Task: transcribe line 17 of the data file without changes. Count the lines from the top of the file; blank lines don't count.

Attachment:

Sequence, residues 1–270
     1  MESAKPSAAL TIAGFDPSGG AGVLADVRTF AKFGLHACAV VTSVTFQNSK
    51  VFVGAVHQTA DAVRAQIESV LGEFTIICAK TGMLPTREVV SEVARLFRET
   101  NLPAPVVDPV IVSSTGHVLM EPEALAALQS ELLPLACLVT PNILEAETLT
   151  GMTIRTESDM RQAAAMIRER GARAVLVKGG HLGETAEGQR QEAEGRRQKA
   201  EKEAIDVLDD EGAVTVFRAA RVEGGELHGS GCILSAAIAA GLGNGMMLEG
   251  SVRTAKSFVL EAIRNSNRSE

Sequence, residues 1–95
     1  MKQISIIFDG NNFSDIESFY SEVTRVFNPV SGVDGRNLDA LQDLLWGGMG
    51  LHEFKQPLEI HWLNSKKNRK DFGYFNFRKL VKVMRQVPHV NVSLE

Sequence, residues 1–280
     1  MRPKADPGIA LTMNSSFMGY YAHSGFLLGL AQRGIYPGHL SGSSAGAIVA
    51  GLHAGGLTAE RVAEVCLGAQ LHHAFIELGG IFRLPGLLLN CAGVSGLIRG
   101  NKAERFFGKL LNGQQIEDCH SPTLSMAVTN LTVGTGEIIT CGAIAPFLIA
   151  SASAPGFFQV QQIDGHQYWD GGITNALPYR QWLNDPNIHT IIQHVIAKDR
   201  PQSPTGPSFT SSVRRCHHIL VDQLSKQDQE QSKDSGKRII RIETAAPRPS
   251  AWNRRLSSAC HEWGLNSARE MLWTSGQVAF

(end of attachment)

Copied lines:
   251  AWNRRLSSAC HEWGLNSARE MLWTSGQVAF